On his right sat a very imposing mansion of brick, surrounded by a tall black wrought-iron fence with an ornate front gate. He whistled under his breath. That must be the home of the richest man in town. Maybe he was the president of the bank. He'd have to make sure to become friends with that gentleman.
"I wonder how we're going to find our Miss Priscilla, dog?" he mused aloud, surveying the town from beneath the broad, wide brim of his black hat. He tried picturing "Miss Priscilla Gilmore," and couldn't decide if she was one of the available spinsters herself or some grandmotherly matchmaking type.
Should he try the post office? After all, the advertisement had listed a post office box addresssurely the postmaster would be able to direct him to Miss Gilmore.
The post office, by unfortunate coincidence, sat right beyond the jail. Sam had always kept clear of local lawmen, finding they usually sized him up on sight as the gambler he was. But this time it couldn't be helped.
Just act as if you have a right to be here, he told himself. You're just here to meet a lady. Nothing wrong with that.
As he approached the jail, three people emerged from ita well-dressed old man leaning on a silver-headed cane, a man about Sam's age who must be the sheriff, for his vest bore a silver star, and a young lady. Her face was hidden by the side of her fetching sky-blue bonnet, but strawberry-blond curls peeped from beneath it.
"Yes, I'm expecting the man today, Mayor," he heard the sheriff say to the older man.
Just then the dog erupted into a volley of barks from his saddle perch.
Sam tried to hush the beast, but it was already too late.
"Oh, what a darling dog!" the girl cried, and rushed forward. "What's his name?"
"I I don't know, ma'am," he murmured idiotically, but he couldn't have made a more intelligent reply to save his life, for he was transfixed by the face looking up at him, framed by the bonnet. She had eyes the exact same sky-blue hue as the bonnet, sweeping, gold-flecked lashes, a sweetly curved mouth, all in a heart-shaped face.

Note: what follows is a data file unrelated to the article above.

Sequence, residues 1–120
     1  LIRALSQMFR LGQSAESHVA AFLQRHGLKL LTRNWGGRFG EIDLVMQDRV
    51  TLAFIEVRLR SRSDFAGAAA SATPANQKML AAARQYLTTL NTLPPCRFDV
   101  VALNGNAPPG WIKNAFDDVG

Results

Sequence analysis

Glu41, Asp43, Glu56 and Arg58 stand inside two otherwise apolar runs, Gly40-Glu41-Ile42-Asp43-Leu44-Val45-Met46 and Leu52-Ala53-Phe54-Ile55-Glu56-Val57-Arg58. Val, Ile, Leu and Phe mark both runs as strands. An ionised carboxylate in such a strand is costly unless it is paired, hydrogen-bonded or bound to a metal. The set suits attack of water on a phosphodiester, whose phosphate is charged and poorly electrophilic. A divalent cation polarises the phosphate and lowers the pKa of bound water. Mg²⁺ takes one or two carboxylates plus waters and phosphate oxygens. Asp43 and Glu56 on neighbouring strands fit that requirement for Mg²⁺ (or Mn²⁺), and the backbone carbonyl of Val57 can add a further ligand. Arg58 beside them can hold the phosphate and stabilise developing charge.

She blinked in confusion and a faint color swept into her cheeks. "You don't know? Whyever not? Ooh, how sweet!" she cried, when the dog raised his paw and wagged his tail at her.
Out of the corner of his eye, Sam saw the lawman's face harden and his gaze narrow. He knew the man had caught sight of his lacerated cheek.
Wonderful. He was already under suspicion.
He touched the brim of his hat respectfully. "Well, not exactly, ma'am. He just adopted me, a ways down the road. I reckoned I might find him a home here," he said, aiming a brilliant smile at the girl. He saw her spot the healing cut on his cheek but he could still salvage the situation with the dog's distracting help. "My name's Sam Bishop."
"I'm Prissyum, Priscilla Gilmore," the girl said, blushing a little more as she corrected herself.
Thunderation. He'd thought the good Lord had given up on him a long time ago, but surely this was a sign. He'd blundered right into the very lady he'd been looking forand she was a far cry from grandmotherly. But did she have to be accompanied by a lawman who was already looking narrow-eyed at him?
"Miss Gilmore, I'm right pleased to meet you," he said.
"This is my father," she went on, nodding at the old man, "Mayor James Gilmore."
"Sir," he said, fingering the brim of his hat once more. Miss Priscilla was the daughter of the mayor? This just kept getting better and better.
"And Nicholas Brookfield, the acting sheriff."
"Sheriff Brookfield," Sam said, nodding at the man who was staring at him with that cold gaze that must come to lawmen as soon as they pinned on those tin stars. But what had she meant, "acting sheriff"?
"May I hold him?" Miss Priscilla inquired, reaching up for the dog, who wagged his tail again and positively wriggled with eagerness. Sam thanked his lucky stars he'd had enough sense to let that dog tag along with him. He handed down the dog into the girl's gloved hands and managed to conceal the grimace the movement caused.
"What's your business here, Mr. Bishop?" the sheriff inquired, surprising Sam with an English accent rather than the Texas twang he'd had been expecting.
But he was spared the necessity of a reply as the dog jumped up in Miss Priscilla's arms to lick her face enthusiastically.
"He likes me!" Priscilla said, and giggleda sound that Sam Bishop felt down to his very toes.
"He surely does," Sam said with a smile, though he knew Brookfield was waiting for an answer. "I"
"Say, you wouldn't be the man Nick was expecting, would you? The applicant for the sheriff's job we advertised for?" asked Priscilla's father.